Babies need their hands!

Mother breastfeeding her five days old baby
Babies need their hands !

It is very tempting to put mittens on your newborn’s hands when you see a scratch on their face or their nose or their scalp. As painful as it is to see the scratch mark, it is easier if you just file a newborn’s nails. The reason I say this is because babies need their hands to feel their world around them.

They need them to seek and find the mother’s breast. They need them to smell their food, they need it to calm them when they are trying to self-soothe. They also need their hand friends to tell you that they are hungry or tired. I urge new parents to get rid of those mittens.

As a student in lactation and a postpartum doula I feel like it is my duty to educate new parents about the vital role of a baby having access to his or her hands. Don’t we all need our hands for everything anyways even as adults ?

  • Patty

    Yes I tell parents this in Newborn Care class in the hosital

  • Brigette

    So swaddling at night is a bad thing?

    • Allison

      The nurse in the nicu my daughter was in told me to swaddle her with her arms bent up towards her face and sticking out of the swaddle, that way she can touch her face, which she said can actually stimulate breathing if baby forgets to breathe. Or just swaddle her body and leave the arms out completely

      • Nora

        Thanks for the tip! My husband and I are about to become first-time parents and we have been debating whether or not to swaddle, this seems like a really good compromise :)

    • Womanintheshoe

      Lol, the nurses in the NICU told me the opposite – swaddle those babies up tight! Who knows, really…depends on the baby, I guess.

  • Heather

    I could tell by the ultrasounds that my little girl wanted her hands free. They were always by her face. I learned to swaddle her in away that allowed her to use her hands. She still loves them by her face. And waves them all the time.

  • Womanintheshoe

    OK…well…hmmm… My first 3 babies I swaddled loosely so they could get their hands out. They were rather fussy babies, all sucked their thumbs, didn’t nap well (thanks to the “startle” reflex), etc. I learned how to “mummy wrap” with #4 and kept him swaddled save for diaper changes and nursing through about 6 weeks of age; even during his brief wake times he would hang out, swaddled like a little burrito. He was so content, napped like a champ (1.5-2 hour stretches), never sucked his thumb. Next baby, same thing. Next baby, same thing. Out of 12 babies the only ones who sucked their thumbs, were fussy and weren’t good nappers were the ones with whom I let their hands get out. With #12 the nurse told me to leave one of his arms out; I just looked at her, tucked his little arm down, and wrapped him up. I’m all for babies discovering the world around them and don’t use the mittens (mostly because I think they are a choking hazard), but I sure do enjoy not having thumb suckers and having babies who don’t startle themselves awake because their little arms are flailing. I agree that we all need our hands for everything (even as adults), but I am not sure about lumping a newborn in with an adult (or even an older baby). This seems like one of those things that swings on a pendulum – swaddle, don’t swaddle, partially swaddle…which way will the pendulum swing next? :)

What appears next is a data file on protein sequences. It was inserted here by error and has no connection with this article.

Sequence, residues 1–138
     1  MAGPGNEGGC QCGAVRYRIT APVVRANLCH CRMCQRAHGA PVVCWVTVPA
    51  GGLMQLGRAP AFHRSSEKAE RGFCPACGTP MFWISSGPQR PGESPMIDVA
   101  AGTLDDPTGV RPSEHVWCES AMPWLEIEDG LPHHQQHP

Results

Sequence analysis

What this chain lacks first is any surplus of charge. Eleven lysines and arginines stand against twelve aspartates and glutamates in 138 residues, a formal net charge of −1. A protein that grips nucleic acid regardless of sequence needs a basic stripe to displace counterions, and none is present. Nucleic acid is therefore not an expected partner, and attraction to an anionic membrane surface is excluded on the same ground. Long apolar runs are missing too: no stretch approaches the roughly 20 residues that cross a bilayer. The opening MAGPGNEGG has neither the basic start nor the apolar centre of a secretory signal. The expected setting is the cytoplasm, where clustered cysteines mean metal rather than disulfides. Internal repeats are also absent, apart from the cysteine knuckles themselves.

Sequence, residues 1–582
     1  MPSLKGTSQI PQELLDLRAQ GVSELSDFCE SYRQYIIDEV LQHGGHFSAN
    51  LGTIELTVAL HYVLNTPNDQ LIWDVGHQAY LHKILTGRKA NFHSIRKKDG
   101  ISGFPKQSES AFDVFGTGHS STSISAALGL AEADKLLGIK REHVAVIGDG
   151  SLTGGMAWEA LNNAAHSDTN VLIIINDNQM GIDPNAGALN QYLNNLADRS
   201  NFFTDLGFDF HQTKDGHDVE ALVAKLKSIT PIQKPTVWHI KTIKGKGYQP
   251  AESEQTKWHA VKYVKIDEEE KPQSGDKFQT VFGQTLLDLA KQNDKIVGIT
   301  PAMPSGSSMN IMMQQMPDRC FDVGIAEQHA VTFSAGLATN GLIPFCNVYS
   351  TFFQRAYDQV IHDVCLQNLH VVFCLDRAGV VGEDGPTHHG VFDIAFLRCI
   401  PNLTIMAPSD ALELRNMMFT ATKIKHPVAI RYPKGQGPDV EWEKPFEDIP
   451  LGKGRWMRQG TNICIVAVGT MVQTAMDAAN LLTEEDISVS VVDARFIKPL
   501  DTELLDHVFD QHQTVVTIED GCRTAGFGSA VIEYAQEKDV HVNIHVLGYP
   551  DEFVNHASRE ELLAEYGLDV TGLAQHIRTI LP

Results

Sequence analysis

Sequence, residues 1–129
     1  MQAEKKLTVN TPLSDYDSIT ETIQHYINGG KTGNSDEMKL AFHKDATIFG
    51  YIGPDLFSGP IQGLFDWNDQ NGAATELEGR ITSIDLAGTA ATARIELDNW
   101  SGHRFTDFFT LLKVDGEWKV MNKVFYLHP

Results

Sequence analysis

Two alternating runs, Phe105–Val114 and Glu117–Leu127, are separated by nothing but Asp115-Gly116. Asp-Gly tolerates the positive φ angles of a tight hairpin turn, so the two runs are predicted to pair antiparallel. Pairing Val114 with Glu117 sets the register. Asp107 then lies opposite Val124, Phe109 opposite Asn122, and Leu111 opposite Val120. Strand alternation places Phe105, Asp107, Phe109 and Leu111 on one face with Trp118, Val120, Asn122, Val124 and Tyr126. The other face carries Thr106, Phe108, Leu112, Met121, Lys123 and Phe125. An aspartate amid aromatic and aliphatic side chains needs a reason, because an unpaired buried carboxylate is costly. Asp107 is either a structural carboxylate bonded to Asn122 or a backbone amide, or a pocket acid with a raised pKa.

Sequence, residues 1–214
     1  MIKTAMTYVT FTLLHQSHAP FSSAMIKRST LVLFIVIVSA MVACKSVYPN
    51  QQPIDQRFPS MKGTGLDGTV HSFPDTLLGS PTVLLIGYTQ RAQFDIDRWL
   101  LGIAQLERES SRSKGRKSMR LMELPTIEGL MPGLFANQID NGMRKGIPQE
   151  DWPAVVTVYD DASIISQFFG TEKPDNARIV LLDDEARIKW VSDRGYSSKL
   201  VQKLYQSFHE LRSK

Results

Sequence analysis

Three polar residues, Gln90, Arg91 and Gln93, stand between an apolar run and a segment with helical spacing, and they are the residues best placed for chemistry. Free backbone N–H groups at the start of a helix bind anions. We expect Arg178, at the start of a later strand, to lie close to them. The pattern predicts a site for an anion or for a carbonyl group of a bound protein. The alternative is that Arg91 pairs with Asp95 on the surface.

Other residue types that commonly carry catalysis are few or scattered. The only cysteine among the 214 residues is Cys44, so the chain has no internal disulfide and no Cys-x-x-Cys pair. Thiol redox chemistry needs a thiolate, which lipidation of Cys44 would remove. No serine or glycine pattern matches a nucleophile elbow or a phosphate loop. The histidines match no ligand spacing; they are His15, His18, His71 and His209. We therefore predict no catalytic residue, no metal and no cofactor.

• janem1276

      So true, my guy would startle himself awake when his hands/arms flailed

  • Susan

    Both of my babies liked being swaddled from the armpits down, but hated their hands being wrapped. My first was born in hospital and even when the midwives swaddled him straight jacket style, he would still have his hands out of there within 2 minutes. My second was born at home and was born with a scar on her cheek which must have been from her scratching herself in the womb, but she also loved having her hands free to touch her face.

  • Christie Henderson

    My son was one who was perfectly content without swaddling, and I never bothered with mittens, either. My daughter, however, definitely needed the swaddle, and wanted it so tight her knees were to her chest, hands had to be in. Definitely follow baby’s cues, which means let their hands free if they seem to want it:)

  • Brandi Mckitrick

    I’m interested in this field of study. What education (prior & present) is needed to be a student in lactation and a postpartum doula?

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